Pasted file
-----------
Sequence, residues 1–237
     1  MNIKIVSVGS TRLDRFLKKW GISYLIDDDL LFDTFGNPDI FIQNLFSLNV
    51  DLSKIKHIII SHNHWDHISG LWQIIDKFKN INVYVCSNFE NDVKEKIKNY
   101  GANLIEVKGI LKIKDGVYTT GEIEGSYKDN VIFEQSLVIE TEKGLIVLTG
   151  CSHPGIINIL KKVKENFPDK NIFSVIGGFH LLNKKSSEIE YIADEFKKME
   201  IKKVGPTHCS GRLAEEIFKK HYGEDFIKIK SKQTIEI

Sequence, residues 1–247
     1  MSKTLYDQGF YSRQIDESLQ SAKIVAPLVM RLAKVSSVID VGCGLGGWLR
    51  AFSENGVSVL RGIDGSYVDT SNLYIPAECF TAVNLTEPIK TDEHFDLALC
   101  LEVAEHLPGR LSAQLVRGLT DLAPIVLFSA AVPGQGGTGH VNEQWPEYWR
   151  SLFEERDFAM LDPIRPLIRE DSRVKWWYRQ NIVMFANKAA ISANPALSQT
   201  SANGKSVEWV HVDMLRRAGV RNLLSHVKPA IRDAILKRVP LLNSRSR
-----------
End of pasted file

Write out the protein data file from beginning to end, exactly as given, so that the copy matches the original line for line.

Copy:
Sequence, residues 1–237
     1  MNIKIVSVGS TRLDRFLKKW GISYLIDDDL LFDTFGNPDI FIQNLFSLNV
    51  DLSKIKHIII SHNHWDHISG LWQIIDKFKN INVYVCSNFE NDVKEKIKNY
   101  GANLIEVKGI LKIKDGVYTT GEIEGSYKDN VIFEQSLVIE TEKGLIVLTG
   151  CSHPGIINIL KKVKENFPDK NIFSVIGGFH LLNKKSSEIE YIADEFKKME
   201  IKKVGPTHCS GRLAEEIFKK HYGEDFIKIK SKQTIEI

Sequence, residues 1–247
     1  MSKTLYDQGF YSRQIDESLQ SAKIVAPLVM RLAKVSSVID VGCGLGGWLR
    51  AFSENGVSVL RGIDGSYVDT SNLYIPAECF TAVNLTEPIK TDEHFDLALC
   101  LEVAEHLPGR LSAQLVRGLT DLAPIVLFSA AVPGQGGTGH VNEQWPEYWR
   151  SLFEERDFAM LDPIRPLIRE DSRVKWWYRQ NIVMFANKAA ISANPALSQT
   201  SANGKSVEWV HVDMLRRAGV RNLLSHVKPA IRDAILKRVP LLNSRSR